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Strength & Weakness: Nature

Our discussions of the strengths and weaknesses of men and women led to the question of how much of what we perceive as strength and weakness is a product of societal norms and what was genetically inherent to the sexes.

We are all human.

When polled, the audience (and my research subjects and the doctors who helped with this series) were quick to choose self-sacrifice in relationships as a strength. Ironically, that same self-sacrifice in terms of gender was considered a weakness. What is the difference? The difference answers the question of what nature brings to the table. First, let’s set some background.

In a Vacuum

None of us grows up in a vacuum. We are exposed to others, their actions, their inaction, their emotions and the consequences of all three. Genetically, we are wired to be inquisitive. Like every human characteristic, some pursue the curiosity with a verve while others are content to let the information come to them.

Knee-jerk

Instinct is difficult to circumvent. Instinct is not learned behavior. It is something which need not be taught because the mind will act in a situation without the consultation of the heart, without ego and without training.

Show Me

A good example is to see an adolescent left with a newborn for the first time. Even without educational preparation, he will care for the infant at an instinctual level. He will remove his own clothing to keep the child warm. He will offer or obtain food for the child. This is a primal example of natural self-sacrifice: Natural strength.

X,Y

This example is not about male and female. It is about being human. The innate capability of compassion, perseverance and/or empathy is one of the distinctions (and strengths) we use to define our species. It transcends gender. Yet, that said, it is not equally applied. Just because all humans are upright does not mean we are all the same height.

Exceptions

There will always be the exception to the rule. Sociopaths are the first group which come to mind. This particular pathology precludes the instincts to act as social animals, which humans are. By design, we seek out others and try to connect through our emotions, intellect and chemical attraction. We try to become part of a larger humanity than we offer of our own accord.

What about nurture?

Nurture is where the difference lies between self-sacrifice as a weakness rather than a natural strength.  Enter social experience. Tomorrow, we shall discuss the way social interaction changes what we consider a strength into a weakness.

~~~~~~~~~~

If you have missed the beginning of this series, visit the following links to catch up. The comments are important to understanding how we got to this post.

Strength & Weakness: Hers

Strength & Weakness: His

Strength & Weakness: His vs. Hers

Strength & Weakness: Theirs

~~~~~~~~~~

Name an example of natural strength or name another exception.

~~~~~~~~~~

(c) Ann Marie Dwyer 2011
Reblogging of this or any other post on Momma’s Money Matters is expressly forbidden.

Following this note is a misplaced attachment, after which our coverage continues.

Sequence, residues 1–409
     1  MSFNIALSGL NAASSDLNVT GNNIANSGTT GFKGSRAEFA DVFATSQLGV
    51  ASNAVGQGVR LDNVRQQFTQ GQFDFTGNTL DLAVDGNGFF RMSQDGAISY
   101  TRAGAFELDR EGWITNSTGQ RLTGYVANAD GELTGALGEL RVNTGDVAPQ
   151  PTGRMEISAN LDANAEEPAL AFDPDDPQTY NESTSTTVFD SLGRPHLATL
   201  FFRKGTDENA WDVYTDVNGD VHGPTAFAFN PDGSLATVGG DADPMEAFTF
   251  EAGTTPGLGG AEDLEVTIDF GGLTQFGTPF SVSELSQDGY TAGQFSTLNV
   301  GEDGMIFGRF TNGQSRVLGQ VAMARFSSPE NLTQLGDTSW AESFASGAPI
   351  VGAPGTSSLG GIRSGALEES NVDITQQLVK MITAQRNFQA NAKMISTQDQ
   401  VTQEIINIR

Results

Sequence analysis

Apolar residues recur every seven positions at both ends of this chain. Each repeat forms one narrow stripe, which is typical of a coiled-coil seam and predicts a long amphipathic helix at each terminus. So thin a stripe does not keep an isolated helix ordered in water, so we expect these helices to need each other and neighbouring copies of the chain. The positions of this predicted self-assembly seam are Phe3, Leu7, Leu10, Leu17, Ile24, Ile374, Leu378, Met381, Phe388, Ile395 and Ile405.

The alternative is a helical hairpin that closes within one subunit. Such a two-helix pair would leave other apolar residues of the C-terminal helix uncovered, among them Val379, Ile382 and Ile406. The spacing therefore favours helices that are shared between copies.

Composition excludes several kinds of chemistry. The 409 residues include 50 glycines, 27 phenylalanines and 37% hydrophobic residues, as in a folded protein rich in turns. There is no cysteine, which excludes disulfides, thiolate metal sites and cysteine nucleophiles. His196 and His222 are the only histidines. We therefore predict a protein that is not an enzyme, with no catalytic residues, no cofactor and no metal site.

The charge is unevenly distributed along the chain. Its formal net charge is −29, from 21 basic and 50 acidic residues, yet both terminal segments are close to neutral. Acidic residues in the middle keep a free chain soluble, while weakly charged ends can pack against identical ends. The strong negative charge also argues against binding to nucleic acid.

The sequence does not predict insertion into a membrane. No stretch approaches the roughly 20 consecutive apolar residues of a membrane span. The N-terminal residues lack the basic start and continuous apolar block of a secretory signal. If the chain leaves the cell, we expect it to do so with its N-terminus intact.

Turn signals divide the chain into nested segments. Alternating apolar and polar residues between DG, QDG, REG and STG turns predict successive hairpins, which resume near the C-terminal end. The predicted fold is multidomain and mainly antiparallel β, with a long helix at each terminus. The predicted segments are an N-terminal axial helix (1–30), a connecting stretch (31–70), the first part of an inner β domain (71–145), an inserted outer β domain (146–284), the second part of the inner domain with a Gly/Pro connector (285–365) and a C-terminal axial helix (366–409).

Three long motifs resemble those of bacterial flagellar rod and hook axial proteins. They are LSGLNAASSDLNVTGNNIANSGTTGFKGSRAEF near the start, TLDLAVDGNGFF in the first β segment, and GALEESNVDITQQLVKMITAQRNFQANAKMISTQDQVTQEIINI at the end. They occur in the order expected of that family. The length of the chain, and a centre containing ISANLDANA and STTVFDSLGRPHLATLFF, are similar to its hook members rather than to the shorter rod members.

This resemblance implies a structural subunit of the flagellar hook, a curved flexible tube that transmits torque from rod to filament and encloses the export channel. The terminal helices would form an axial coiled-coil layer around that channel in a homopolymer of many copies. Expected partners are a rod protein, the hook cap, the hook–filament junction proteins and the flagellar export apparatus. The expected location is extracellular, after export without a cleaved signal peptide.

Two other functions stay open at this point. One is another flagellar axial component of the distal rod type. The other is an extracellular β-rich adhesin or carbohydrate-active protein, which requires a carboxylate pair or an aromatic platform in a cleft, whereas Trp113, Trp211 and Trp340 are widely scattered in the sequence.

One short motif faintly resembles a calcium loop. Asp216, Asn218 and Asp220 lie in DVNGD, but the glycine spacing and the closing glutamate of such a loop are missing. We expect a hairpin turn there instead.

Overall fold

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9 Comments

  1. Amazing series, I’m playing catch-up with the past posts on this topic. Will weigh in with my cogent (or completely disorganized) thoughts, later. Thank you! I’m already drawn in!
    My father was a psychiatrist, my daughter is currently studying at SFSU (with designs on her PhD in Psych or medical school with a specialty in psychiatry). Was ready to begin medical school myself at the ripe age of 42 (to become a psychiatrist). My father talked me out of it. Another story.
    Hell, I’ve been in therapy, analysis, and you name it since age 14.
    and you know what they say about people who go into this field or find it worthy of such intensive study -grin-.

    The entire psychological and physiological nature vs nurture (Go Piaget lol) and questions of strength and weakness is amazing.

    The points you have made; ‘knee-jerk’ reaction, exceptions of the psychologically damaged -sociopaths-, and research into instinct are wonderful. The ‘Show Me’ section can be seen every year at Burning Man, where a community of thousands will care for one citizen in need -even if not related by any chromosomes. For the ‘good of all’ really does reign, I’ve seen it work. With the exact exceptions that you have mentioned.

    Look forward to finishing your entire series.

    Reply
    • Glad to have you weigh in, Rachael. It always will reign. It is our nature. Sometimes, the hard part for people to understand when this discussion comes ’round is the fact we are still mammals. Looking at the nature of the issue is as simple as looking into the animal characteristics. You may well like the “Nurture” portion. Feel free to sound off on the older installments as well. Red.

      Reply
  2. I’m sure people thought/think Jesus was weak as well because He was humble, self-sacrificing, etc. Sometimes what looks like weakness is really strength and visa versa. Just a thought that came up lol. Trying to play catch up myself:)

    Reply
    • There is no weakness in humility and self-sacrifice. But you are just a bit ahead. Tomorrow’s post will address what your comment brings up…Impatient *shakes head* {HUGZ} Red.

      Reply
  3. I’ve said this before, but I’m enjoying this series and the conversation it stirs.

    Reply
  1. Strength & Weakness: Nurture – when self-sacrifice becomes a weakness « doyoumeanwhatiknow
  2. Psychology | The Social Animal « Mike10613's Blog
  3. Strength & Weakness: Nurture | Momma's Money Matters

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